The album itself is slightly uneven as it contains some “fillers” which sound like being intended for the German schlager market, after all Kubišová always was a pop singer in the first place. However, the majority of the songs are simply great, although not necessarily funky. The album begins with a solid cover of Beatles’ Hey Jude, which basically follows the original version except that it’s sung in Czech just like the rest of the record. Another climax of the album is the intense psychedelic sitar folk song Balada o kornetovi a dívce (The Ballad Of The Cornette And The Girl). I own the 1990 LP reissue which obviously omits Zlý dlouhý půst (Bad Long Fasting) and Kdo ti radu dá (Who Gives You An Advice) (a song I have never heard yet) in favor of a re-arranged version of her biggest hit Modlitba pro Martu (A Prayer For Marta) and another Petřina/Rytíř-penned up-tempo soul-beat protest song Ne (No). It’s likely that those two crucial songs had to be removed from the early 1970 pressing due to their political message; that used to happen quite often in that part of the world. However, I’m not sure if they were ever included on the original issue at all. Whatever, according to a recent online interview with Marta, Tak dej se k nám as well as Ne were her favorite songs from the album, while the single-only Tajga-Blues ’69 is obviously her favorite song ever. (I might feature Tajga-Blues in a future post as it’s quite a funky psychedelic beat song.)

At the time when Songy a balady has been recorded and released, Kubišová was also a member of the Golden Kids, a vocal trio with Helena Vondráčková and Václav Neckář who were then already pop stars with their own solo albums, too. (Neckář was even starring in the main role in the 1968 Oscar winning movie Ostře sledované vlaky (Closely Watched Trains) directed by Jiří Menzel.) The Golden Kids were extremely popular in 1969 and they also performed in West Germany and in France. Many songs from Songy a balady were actually a part of the Golden Kids live show and both Vondráčková and Neckář sang background vocals on Marta’s album. So watch out for a Golden Kids, a Neckář and a Vondráčková Funky Czech-In post, too.

In 1969 Kubišová’s future was looking very bright, she had signed a record contract with Polydor and a couple of her and Golden Kids singles were already released in West Germany. But obviously she went “too far” with her political engagement. In 1970 Marta’s voice has been silenced by the “normalizator” Husák’s regime and all records with her name on the label had to disappear from Czech record stores. You can read more details on a Marta Kubišová fan site in English, including a detailed although not complete discography and a lot of other trivia. Unlike Vondráčková and Neckář, she was not allowed to record or perform in public for almost 20 years, until her appearance at a huge demonstration against the communist regime in November 1989 where she sang the Czechoslovak national anthem and her “signature” song, the ballad Modlitba pro Martu (A Prayer For Marta) [external audio link]. I can remember that while I was listening to her performance live on the Czech AM radio that I had tears in my eyes. And this particular song still moves me, despite the “cheesy” organ sound on the album version (but hey, the original 1968 single version with the Václav Hybš orchestra sounds even cheesier). It’s the message that counts.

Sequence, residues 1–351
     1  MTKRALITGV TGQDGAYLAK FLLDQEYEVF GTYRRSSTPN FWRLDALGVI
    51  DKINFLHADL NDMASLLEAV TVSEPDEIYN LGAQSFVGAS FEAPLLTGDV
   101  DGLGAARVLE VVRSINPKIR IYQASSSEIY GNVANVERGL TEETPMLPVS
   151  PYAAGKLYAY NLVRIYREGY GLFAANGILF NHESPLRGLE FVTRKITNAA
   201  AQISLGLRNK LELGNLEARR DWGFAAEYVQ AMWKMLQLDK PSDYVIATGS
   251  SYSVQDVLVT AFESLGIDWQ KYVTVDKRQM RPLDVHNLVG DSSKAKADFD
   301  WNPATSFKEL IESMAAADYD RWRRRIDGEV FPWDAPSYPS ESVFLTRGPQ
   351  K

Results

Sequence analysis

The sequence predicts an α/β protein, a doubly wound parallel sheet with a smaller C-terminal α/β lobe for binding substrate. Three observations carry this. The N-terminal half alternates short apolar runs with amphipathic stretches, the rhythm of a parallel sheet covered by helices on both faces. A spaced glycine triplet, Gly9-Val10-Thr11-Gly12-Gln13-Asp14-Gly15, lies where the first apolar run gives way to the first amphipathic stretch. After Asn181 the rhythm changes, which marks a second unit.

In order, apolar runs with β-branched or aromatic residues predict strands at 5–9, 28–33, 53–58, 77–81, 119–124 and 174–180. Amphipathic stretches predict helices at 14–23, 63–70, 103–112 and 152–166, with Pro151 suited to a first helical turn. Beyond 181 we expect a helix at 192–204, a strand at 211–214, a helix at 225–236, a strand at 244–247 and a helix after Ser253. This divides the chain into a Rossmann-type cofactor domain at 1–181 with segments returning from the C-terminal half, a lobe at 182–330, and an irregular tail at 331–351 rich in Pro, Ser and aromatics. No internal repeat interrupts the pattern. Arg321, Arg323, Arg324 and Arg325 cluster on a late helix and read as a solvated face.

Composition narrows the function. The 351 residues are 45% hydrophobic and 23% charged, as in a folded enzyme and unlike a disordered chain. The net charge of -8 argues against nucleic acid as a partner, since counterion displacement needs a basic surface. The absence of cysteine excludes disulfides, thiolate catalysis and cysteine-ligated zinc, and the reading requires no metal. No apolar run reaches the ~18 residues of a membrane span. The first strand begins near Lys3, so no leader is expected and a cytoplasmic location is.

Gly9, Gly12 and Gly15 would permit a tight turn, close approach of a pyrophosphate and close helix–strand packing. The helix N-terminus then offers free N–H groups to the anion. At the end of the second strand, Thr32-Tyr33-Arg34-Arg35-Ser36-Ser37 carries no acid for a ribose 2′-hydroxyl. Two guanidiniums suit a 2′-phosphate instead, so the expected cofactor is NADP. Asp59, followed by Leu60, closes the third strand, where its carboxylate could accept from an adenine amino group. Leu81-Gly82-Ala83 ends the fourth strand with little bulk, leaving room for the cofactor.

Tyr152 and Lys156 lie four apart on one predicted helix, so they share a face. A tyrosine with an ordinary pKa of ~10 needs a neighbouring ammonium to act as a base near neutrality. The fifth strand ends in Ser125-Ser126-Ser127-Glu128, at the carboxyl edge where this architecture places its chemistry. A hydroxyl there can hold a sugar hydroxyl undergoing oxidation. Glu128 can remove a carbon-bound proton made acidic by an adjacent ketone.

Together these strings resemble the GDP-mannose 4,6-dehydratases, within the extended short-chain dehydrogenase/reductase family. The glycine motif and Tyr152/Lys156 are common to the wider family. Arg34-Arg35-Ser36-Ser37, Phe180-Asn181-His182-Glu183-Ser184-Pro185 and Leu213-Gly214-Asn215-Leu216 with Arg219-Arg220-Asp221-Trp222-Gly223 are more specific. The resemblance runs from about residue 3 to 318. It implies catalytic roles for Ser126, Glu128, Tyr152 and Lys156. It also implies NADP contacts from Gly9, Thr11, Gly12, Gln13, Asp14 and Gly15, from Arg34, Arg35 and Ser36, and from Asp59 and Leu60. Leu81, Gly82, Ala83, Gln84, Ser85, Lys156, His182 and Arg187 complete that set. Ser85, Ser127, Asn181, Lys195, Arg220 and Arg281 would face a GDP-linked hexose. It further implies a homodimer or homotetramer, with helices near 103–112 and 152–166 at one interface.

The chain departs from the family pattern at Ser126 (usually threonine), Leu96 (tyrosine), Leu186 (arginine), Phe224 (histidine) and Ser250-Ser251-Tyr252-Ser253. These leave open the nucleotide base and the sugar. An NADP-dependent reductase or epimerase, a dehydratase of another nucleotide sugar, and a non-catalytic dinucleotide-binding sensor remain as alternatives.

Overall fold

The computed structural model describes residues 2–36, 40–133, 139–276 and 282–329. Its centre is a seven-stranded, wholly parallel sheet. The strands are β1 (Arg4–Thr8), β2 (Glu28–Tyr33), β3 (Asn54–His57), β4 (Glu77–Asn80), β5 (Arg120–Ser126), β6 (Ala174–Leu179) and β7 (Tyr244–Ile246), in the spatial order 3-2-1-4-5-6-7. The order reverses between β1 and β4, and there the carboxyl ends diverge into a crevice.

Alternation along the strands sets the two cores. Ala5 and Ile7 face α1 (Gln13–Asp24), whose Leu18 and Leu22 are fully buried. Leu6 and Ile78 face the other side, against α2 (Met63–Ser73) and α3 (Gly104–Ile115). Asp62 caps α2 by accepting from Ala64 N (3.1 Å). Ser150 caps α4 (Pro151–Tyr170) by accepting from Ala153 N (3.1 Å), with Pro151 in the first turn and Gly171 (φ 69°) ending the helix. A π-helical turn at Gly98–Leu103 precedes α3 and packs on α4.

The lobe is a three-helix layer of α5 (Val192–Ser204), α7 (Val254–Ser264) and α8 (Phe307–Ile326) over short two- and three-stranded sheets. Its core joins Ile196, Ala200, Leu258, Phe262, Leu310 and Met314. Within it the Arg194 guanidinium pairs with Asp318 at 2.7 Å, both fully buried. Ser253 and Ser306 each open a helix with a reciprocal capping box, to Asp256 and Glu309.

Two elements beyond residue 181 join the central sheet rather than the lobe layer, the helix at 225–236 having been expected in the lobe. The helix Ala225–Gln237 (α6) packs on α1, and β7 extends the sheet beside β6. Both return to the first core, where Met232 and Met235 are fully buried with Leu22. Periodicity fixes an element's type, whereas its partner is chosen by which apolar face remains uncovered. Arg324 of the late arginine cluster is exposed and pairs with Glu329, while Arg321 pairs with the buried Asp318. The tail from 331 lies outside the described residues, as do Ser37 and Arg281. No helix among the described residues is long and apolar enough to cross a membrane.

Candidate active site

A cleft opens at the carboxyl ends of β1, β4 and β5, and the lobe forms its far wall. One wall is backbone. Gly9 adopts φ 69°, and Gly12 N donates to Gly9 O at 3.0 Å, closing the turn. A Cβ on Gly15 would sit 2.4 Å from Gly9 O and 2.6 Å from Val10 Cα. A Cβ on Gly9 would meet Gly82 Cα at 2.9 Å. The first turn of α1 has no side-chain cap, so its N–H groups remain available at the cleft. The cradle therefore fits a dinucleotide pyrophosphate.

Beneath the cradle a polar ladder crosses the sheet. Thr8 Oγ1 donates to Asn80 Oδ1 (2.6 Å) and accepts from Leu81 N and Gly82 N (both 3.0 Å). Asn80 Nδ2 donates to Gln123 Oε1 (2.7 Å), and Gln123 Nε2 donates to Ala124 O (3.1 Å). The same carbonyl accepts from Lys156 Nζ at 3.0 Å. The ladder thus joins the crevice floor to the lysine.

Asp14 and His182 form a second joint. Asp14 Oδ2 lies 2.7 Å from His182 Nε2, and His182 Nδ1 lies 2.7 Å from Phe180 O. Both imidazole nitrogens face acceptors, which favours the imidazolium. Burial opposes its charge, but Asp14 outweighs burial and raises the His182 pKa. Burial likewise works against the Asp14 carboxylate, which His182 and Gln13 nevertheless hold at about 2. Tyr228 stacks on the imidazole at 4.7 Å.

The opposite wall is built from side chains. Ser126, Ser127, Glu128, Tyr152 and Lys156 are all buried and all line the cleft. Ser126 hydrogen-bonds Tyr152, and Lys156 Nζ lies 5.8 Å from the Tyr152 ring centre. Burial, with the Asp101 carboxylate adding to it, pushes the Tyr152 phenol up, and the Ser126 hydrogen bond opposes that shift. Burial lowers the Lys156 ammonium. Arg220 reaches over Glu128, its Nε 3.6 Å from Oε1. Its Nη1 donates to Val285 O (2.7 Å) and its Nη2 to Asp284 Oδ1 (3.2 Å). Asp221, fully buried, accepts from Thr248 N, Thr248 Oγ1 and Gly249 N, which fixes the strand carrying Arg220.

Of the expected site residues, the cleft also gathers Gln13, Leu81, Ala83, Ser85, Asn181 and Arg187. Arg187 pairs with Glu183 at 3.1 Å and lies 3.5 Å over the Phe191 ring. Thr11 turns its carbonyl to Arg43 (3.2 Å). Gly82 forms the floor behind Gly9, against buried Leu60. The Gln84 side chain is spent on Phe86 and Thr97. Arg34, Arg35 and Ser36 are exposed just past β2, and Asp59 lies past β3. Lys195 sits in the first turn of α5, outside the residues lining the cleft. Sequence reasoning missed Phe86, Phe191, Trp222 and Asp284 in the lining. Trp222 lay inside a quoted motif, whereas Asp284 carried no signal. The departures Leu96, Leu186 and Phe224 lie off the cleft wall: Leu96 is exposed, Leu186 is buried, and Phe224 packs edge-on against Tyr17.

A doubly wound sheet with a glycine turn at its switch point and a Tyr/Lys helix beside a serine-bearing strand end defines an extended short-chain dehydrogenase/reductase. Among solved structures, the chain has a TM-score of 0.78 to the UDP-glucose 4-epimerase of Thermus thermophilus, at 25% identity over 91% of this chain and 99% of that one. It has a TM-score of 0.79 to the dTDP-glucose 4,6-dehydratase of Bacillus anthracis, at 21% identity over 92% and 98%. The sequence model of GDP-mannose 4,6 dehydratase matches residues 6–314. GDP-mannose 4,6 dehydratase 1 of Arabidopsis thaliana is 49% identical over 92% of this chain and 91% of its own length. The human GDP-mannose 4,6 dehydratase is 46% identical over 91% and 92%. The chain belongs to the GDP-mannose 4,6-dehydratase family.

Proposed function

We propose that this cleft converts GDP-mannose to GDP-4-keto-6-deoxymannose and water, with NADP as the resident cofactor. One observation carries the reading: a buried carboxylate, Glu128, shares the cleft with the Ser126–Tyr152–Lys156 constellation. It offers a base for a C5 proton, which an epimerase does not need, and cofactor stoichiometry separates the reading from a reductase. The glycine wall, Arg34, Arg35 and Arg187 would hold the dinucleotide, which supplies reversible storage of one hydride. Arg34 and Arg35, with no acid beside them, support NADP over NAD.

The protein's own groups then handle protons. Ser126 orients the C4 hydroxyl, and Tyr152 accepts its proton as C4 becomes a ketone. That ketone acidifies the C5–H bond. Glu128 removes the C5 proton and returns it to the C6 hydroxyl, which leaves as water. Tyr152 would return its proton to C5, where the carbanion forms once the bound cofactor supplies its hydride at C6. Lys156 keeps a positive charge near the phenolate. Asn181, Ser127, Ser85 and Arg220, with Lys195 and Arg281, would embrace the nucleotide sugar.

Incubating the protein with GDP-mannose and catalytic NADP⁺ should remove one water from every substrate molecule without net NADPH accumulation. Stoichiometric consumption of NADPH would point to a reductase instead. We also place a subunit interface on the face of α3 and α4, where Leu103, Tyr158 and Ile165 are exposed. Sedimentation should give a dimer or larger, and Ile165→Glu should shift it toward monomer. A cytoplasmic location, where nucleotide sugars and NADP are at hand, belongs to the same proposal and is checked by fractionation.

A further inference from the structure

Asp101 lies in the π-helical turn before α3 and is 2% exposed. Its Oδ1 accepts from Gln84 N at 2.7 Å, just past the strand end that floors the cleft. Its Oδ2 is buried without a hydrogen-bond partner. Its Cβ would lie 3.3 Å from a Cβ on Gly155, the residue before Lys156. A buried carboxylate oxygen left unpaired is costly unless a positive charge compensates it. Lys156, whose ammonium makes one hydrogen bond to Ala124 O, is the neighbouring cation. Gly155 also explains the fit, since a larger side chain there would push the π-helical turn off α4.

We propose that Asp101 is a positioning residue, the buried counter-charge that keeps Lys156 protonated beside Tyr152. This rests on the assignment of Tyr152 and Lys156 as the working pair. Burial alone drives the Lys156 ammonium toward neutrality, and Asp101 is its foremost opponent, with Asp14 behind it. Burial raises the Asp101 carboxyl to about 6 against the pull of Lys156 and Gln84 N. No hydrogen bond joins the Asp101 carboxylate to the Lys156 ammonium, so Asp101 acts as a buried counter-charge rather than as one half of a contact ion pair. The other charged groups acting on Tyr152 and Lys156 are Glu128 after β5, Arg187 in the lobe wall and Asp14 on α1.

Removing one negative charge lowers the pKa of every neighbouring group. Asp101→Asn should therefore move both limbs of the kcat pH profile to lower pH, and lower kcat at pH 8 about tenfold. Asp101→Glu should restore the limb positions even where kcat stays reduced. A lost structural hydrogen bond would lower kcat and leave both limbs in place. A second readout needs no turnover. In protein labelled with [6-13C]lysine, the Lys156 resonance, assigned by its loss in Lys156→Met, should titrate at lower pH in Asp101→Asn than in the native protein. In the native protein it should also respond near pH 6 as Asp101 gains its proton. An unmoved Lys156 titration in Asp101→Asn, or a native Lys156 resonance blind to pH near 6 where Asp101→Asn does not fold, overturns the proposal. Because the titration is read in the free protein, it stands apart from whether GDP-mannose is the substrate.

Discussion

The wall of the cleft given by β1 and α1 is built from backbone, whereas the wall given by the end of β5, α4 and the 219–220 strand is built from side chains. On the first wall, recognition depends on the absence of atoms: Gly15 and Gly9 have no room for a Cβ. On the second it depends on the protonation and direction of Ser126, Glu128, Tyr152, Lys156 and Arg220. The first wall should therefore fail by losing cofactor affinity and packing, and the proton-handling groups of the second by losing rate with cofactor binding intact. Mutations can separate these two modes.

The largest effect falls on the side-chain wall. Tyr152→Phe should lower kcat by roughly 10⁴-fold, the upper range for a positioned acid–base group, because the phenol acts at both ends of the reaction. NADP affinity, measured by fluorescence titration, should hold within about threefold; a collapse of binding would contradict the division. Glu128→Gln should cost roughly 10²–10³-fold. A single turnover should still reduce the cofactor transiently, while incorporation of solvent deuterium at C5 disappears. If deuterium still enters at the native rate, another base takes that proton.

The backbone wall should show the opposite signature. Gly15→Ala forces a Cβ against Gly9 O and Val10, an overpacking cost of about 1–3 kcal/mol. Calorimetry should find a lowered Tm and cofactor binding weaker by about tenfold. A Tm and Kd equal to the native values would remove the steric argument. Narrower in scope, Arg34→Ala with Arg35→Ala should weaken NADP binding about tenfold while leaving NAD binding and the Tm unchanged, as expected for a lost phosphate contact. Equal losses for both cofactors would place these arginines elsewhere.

Marta Kubišová still – or rather: again – performs and records today, all of her recordings are available on CDs. Unlike the original, the 1990 vinyl reissue of Songy a balady isn’t very hard to find in online auctions or in second hand record shops in Prague. If you’re interested, I have four [one] of her 7″ singles from the sixties for sale (items no. 284, 963, 1068 and 1194). On you can also buy some CDs, search there for “kubisova”.

Recent posts

2017-07-08: In memoriam Dr. Gui, the funky drummer
2017-02-12: In The Game Preserve
2016-02-17: Interlude: Vampi Czech-In, parts 2, 3, 4, 5, 6 & 7
2009-09-19: Interlude: Vampi Czech-In, part 1
2008-08-31: Mercy Mercy Mercy




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The audio samples are presented as a “specimen” to encourage readers to buy the artists’ albums. Many of the tracks presented herein are available for purchase in MP3 or FLAC format at


All written content is © 2006– by Lukáš Machata (Lou Kash). Unauthorized use is strictly prohibited. If you’d like to use portions of my articles, please contact me first.